10) TIGHTEN YOUR ABDOMEN MUSCLES WITH EACH SHOVELFUL: Tightening your abdomen muscles just as you begin to shovel and lift produces inter-abdominal pressure which helps support your lower back. The more your abdomen and stomach muscles work, the less your lower back has to work. This technique is not only important for safety; you’ll get a good abdomen workout as well. Remember to keep breathing when you tighten your abdomen muscles. Never hold your breath. Holding your breath can increase your blood pressure.
11) TAKE FREQUENT BREAKS: Shoveling snow and ice is hard work; be patient and take your time. Don’t overexert yourself. If you feel tired or short of breath, stop and rest. Rest for a minute or two for every 10 – 15 minutes of shoveling. This is especially important if the snow is wet and heavy. Stop shoveling immediately if you feel back pain. And of course call or have someone call 911 immediately if you feel any hint of heart attack or stroke symptoms! (Heart attack symptoms include: chest discomfort including pain, pressure, or squeezing; pain or discomfort in one or both arms, upper back, neck, or jaw; dizziness or nausea; and/or unusual shortness of breath. Stroke symptoms include: sudden numbness or weakness in the face, arm, or leg, especially on one side of the body; sudden confusion, or trouble speaking or understanding; sudden trouble seeing in one or both eyes; sudden trouble walking, dizziness, or loss of balance or coordination; and sudden severe headache with no known cause. If you experience any of these symptoms don’t delay! Your life may depend on how fast you act. Call or have someone call 911 immediately!
Denial is common.
Don’t drive to the hospital or doctor’s office. Call 911 immediately, because emergency personnel can begin treatment on the way to the hospital.)
12) DRINK PLENTY OF WATER WHILE SHOVELING: Keeping yourself well-hydrated is very important! Take a water bottle outside with you and drink during frequent breaks. Choose water, or a water-diluted, non-caffeinated electrolyte sports drink, or water-diluted fruit juice. (Don’t drink alcohol; limit caffeine; and don’t smoke. Alcohol can constrict blood vessels in the brain and can cause dehydration and give a false sense of warmth; and caffeine and nicotine can constrict blood vessels and raise your blood pressure and heart rate.)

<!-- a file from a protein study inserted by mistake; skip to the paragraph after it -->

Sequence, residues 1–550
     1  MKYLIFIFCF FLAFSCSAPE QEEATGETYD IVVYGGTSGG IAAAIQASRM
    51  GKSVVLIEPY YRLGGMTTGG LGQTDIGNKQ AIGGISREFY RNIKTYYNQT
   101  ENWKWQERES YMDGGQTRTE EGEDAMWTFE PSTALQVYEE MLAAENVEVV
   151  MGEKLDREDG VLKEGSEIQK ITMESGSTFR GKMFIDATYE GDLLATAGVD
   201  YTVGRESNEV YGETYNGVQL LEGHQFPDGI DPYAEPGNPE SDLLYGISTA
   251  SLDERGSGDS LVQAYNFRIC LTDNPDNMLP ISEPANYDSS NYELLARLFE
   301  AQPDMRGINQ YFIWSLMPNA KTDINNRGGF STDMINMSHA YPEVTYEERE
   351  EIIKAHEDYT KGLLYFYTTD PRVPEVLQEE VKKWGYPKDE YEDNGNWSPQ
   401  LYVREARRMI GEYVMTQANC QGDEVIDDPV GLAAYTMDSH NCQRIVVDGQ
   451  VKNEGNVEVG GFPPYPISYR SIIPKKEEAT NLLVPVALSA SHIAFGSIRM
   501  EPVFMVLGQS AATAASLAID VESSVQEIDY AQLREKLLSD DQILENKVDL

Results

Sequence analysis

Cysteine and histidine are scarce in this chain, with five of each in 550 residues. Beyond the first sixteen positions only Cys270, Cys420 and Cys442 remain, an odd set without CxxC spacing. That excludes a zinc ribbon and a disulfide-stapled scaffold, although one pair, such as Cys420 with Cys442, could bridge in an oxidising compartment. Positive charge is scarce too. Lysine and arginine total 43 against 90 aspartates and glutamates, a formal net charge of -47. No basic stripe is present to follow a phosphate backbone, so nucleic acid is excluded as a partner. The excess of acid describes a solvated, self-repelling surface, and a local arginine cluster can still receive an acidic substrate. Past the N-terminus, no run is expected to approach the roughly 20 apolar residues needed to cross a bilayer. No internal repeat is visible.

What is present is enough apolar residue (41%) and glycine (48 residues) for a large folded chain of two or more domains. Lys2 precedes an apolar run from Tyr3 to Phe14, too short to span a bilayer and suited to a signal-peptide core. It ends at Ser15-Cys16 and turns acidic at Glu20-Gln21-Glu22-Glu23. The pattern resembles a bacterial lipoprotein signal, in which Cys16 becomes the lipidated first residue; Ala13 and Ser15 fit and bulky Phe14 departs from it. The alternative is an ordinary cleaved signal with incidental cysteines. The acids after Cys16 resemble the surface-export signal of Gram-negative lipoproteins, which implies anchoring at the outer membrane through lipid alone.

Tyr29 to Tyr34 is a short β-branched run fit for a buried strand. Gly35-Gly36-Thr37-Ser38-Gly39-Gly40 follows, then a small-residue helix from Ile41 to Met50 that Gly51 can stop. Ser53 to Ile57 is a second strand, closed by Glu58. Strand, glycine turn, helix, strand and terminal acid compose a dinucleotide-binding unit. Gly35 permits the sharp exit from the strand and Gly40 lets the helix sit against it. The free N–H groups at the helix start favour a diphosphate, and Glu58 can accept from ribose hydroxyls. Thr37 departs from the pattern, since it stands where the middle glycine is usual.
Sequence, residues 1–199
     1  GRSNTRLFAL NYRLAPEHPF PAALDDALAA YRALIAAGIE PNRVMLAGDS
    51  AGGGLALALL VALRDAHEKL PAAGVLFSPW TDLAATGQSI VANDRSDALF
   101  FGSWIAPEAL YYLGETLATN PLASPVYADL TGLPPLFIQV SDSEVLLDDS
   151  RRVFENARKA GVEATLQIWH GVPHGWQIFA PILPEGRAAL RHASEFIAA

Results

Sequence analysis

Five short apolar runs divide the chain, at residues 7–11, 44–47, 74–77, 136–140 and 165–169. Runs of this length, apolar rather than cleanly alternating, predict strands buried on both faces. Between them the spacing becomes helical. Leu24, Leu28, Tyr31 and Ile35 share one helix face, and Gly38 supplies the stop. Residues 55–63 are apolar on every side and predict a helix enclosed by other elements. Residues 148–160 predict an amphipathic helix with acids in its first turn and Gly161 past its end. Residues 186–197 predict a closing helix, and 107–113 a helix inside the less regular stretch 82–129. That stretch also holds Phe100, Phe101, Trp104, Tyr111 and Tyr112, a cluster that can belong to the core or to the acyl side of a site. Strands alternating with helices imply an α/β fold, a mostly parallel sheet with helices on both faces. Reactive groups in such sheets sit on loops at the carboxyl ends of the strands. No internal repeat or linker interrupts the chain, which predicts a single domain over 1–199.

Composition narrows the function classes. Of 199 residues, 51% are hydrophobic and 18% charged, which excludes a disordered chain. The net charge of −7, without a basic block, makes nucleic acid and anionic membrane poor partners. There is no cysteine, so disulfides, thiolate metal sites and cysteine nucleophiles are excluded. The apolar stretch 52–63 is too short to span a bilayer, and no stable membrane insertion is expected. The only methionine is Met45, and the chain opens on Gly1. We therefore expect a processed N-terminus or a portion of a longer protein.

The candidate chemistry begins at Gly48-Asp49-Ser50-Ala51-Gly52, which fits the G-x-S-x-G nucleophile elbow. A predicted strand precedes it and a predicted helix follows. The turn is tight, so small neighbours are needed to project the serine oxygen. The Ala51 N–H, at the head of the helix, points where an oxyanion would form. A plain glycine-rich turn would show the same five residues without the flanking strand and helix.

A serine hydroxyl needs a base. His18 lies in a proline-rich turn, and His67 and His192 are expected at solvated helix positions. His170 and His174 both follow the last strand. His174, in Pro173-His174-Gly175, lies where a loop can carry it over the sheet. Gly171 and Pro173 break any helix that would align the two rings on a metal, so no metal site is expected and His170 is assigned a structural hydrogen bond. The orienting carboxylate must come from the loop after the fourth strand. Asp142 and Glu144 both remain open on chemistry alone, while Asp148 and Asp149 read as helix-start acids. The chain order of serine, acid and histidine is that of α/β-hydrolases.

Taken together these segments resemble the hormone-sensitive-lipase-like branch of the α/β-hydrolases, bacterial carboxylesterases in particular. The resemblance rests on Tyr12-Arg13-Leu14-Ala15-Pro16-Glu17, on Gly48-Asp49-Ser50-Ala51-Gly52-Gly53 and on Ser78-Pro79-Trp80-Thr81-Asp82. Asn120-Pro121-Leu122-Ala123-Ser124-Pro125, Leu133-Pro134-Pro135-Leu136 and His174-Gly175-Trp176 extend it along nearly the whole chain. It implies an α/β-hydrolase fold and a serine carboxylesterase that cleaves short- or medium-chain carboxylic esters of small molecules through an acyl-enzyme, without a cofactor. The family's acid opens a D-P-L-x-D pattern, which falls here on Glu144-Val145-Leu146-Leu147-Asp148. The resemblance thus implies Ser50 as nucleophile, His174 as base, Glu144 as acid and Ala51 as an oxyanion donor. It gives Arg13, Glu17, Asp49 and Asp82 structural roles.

13) DON’T EAT A HEAVY MEAL BEFORE SHOVELING: Eating too much before shoveling can increase the load on your heart.
14) CLEAR THE SNOW EARLY & OFTEN: When you can, shovel in stages. Even if the storm hasn’t stopped yet, it is better to get out there and shovel less snow in more frequent and less demanding bouts than it is to clear a whole snowstorm in one outing.
15) COOLDOWN & STRETCH: After shoveling, do a 5 – 10 minute stretch, paying special attention to your lower back and legs. First go inside where it’s warm and take off your outer snow clothing (coat, hat, gloves, and boots). Then perform the following stretches (hold each stretch for a minimum of 20 – 30 seconds):
a) Legs apart hamstring stretch – With feet spread apart (as wide as is comfortable), and knees straight but not locked, reach down to the floor and stretch the hamstrings in the back of your thighs. You can also isolate each leg by grabbing behind one knee, calf or ankle, and gently pulling your torso over your thigh and bringing your forehead toward your knee.
b) Sit in chair and bend over low back stretch – Your tired lower back will thank you for this stretch! Sit in a chair with your legs and feet wide apart. Bend forward and reach down to the floor as if you were picking up a dropped pencil. Remember to hold the stretch a minimum of 20 - 30 seconds.
c) Groin stretch – Sit on the floor and put the soles of your feet together so your knees point out to the sides. Pull your feet in toward your rear. Bend forward comfortably from the waist if you can.
16) TAKE A LONG HOT SHOWER OR BATH: There’s nothing better than a nice hot shower or bath after shoveling! If you take a shower, lean forward or bend over and let the hot water run on your lower back (or course be careful not to fall!). Take a couple of aspirin or ibuprofen with food, too, if you need to reduce soreness.
Hank Drought, MS, CSCS*D, NSCA-CPT*D is owner of PersonalTrainers.com in Madison, Connecticut. He has been a personal trainer and strength & conditioning consultant for over 30 years. Hank was selected one of the “100 Best Trainers in America” by Men’s Journal in 2004, and was awarded the Personal Trainer of the Year in 2000 by the National Strength & Conditioning Association. Hank has been a certified as a personal trainer and strength & conditioning professional by the National Strength & Conditioning Association, American College of Sports Medicine, American Council on Exercise, and U.S.A. Weightlifting. You can reach Hank Drought at www.PersonalTrainers.com, or by calling him at 203-245-1199, or by emailing him at: Drought@PersonalTrainers.com.
Copyright © by J. Henry Drought, 2011. Reprinted with permission.